The box lacrosse stick, from a stick making perspective, is the only stick you are likely to be judged on. It is the cross that other box lacrosse stick makers would inspect and scrutinize. It isn’t that any other frame is less difficult, quite the opposite in fact. The reason that the box lacrosse stick is the standard, is because it is the modern-day wooden stick. It is, quite simply, the only stick that a player is allowed to use in the contemporary version of our game, and therefore, it is the only one that can be tested, tried, and proven.
I’ve made two dozen box lacrosse sticks since I began this project nearly seven years ago. I had tried various shapes, styles and designs, and I came to the conclusion that I wanted my sticks to be playable at the highest level. With that in mind, I decided on a slightly thicker wooden sidewall. This will allow it to sustain the abuse. Additionally, I shaped the head in such a way that the thicker sidewall would not affect the balance of the stick, which was tricky. It was the decision to make this stick with the professional player in mind that lead me to name it the Box Pro.
The head shape was my first decision, and it was the only really hard one to make. I always knew how I wanted the rest of my frame to be. I tapered the handle as to allow for proper handling and to increase the player’s ability to recognize their hand placement. I also dropped the center of gravity by offsetting the head. This, combined with a well channeled pocket, makes allows the player to cradle with the same competency that they would enjoy in a modern plastic head. The beauty of all of this is that it is not a flimsy piece of plastic, it is an absolute monster!
My plan has always been to make every stick that has ever existed. So, it would be fair to ask, since I have already explained that the box stick is the modern standard, why I did not begin by making my signature box sticks rather than my field models. The answer is a personal one. I would never have gone back to make a field stick if I had already began producing my box frames. I know myself too well, and I would have held too little value in the process of making the field models.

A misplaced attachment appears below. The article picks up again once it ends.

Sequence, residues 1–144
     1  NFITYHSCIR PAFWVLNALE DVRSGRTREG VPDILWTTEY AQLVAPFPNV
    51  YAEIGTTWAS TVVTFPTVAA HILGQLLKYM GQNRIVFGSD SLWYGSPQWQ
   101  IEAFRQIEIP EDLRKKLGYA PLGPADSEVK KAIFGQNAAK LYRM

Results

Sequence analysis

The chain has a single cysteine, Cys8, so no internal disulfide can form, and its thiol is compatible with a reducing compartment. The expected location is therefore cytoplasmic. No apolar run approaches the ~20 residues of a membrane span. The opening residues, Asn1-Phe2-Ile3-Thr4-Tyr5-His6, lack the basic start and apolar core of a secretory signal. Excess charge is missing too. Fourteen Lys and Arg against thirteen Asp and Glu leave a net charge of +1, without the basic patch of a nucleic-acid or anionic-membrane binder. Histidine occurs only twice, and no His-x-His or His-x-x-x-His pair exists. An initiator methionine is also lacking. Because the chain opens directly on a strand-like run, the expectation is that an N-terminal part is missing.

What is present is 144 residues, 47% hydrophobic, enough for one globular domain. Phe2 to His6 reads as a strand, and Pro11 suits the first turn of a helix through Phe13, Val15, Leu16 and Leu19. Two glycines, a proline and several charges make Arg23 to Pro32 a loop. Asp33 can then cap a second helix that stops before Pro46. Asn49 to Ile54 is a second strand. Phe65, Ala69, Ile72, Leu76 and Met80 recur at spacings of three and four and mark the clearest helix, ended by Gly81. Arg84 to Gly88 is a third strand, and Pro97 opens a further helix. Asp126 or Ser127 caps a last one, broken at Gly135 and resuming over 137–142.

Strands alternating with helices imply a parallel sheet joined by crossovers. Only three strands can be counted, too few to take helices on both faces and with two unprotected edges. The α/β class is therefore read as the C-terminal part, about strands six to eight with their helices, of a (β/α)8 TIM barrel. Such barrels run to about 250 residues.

Field sticks (circa 1960 standards and rules) are no longer used in any way. The bends needed to produce a 1960 style field stick are significantly harder to perform than those needed to produce a box stick. It may surprise many people to know that there is little to no value in that in terms of stick maker’s clout, so I would have been left with the un-motivating task of teaching myself to build a useless stick that takes more work. That is not something I would be likely to follow through with.
Wood bending is a ridiculous undertaking when you consider the difficulty. I believe that I understand the limits of the North American Hickory Tree far better by mastering the field bends, and I think the box lacrosse sticks are better for me having done so. I have released the first editions of the Box Pro, and I already know what stick I have planned next. I cannot wait to share the journey with you all. Special thank you to all master stick makers since the beginning. Without your dedication to keeping this craft alive I would never have been fortunate enough to have realize one of the great joys in my life.
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